Jesus and money

This is the first of several responses to my own challenge to apply the ‘Honey and Thistles’ approach more widely, in this case to finance and economics.

It is often said that Jesus spoke more about money and economics than He did about church! Most of His parables concerned money, farming, business or debt. Many of His miracles were ‘economic miracles’. And, a good part of his teaching addressed our relationship with money, wealth and material possessions. So, as good a starting point as any for applying the biblical narrative to economics are Jesus’ parables, miracles and teachings.

In this respect, our first port of call must surely be Matthew 6: 25-34. Here, Jesus tells us not to worry about food, drink and clothing (ie in today’s terms, money), arguing (using a rabbinic qal wahomer middoth) that if the Father feeds the birds and clothes the plants, which neither work nor worry, “how much more” will He look after our needs. Instead of worrying, He says, we are to “seek first the Kingdom of God and his righteousness, and all these things will be added to you” (Matthew 6: 33).

Like many Christians, I have taken much comfort from these verses. But I have also often wondered what exactly it means to ‘seek first the Kingdom’. Shaped by the individualistic mindset of both our society and culture, and our church and Christian culture, I have tended to see this primarily in terms of a personal relationship with the King, worked out in knowledge, love, worship and obedience – if I put Him first, then He’ll fix my needs.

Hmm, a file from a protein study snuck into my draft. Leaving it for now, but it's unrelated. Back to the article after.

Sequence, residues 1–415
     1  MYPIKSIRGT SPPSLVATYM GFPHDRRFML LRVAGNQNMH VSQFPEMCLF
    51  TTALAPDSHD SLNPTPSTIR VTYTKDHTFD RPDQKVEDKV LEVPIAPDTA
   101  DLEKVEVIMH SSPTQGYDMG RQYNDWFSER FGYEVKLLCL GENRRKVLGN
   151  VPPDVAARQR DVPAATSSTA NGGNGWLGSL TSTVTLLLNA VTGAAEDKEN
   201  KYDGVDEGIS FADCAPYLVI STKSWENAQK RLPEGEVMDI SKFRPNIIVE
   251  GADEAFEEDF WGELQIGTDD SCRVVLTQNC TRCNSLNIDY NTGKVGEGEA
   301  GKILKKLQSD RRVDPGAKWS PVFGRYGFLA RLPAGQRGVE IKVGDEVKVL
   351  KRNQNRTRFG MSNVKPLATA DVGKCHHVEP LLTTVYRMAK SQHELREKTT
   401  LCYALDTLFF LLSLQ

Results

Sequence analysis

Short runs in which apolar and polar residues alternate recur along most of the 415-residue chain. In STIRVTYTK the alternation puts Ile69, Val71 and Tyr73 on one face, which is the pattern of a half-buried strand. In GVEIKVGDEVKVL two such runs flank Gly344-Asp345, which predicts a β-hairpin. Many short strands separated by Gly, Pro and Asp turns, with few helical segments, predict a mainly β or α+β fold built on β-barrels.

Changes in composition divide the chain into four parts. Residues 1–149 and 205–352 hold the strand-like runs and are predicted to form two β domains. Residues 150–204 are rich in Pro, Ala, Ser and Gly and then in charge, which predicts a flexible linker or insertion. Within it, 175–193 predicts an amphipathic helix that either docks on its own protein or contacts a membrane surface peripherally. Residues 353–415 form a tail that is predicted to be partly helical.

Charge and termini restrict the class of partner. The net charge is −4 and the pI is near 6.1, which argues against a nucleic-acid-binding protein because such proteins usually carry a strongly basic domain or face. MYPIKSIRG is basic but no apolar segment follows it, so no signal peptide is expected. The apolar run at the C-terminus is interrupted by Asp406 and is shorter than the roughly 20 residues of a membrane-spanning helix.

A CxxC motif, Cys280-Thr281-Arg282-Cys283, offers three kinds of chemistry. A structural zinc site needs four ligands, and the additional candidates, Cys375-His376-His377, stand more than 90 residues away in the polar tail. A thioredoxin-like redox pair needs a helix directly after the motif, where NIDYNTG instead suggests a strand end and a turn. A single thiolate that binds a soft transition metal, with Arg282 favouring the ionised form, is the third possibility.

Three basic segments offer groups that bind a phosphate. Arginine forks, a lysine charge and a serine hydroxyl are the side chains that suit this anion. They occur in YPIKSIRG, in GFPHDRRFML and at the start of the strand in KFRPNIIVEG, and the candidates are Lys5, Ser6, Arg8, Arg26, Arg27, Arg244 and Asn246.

However, a kingdom is also about territory and time, and about subjects and citizens. In which case, the Kingdom of God is also found among its citizens – subjects of the King, living in accordance with the laws and the constitution of His Kingdom. Understood this way, ‘seeking first the Kingdom of God’ means seeking to be part of, to build, Kingdom communities. It is in such contexts that we are to find the cure for care and the meeting of our material needs, and where biblical economics surely starts.

You may have heard of the reportedly real church noticeboard that read: ‘Don’t let worry kill you, let the church help’! I imagine this rings disturbingly true for many of us! But maybe it is time for a change of mindset and rediscover the economics of the Kingdom?

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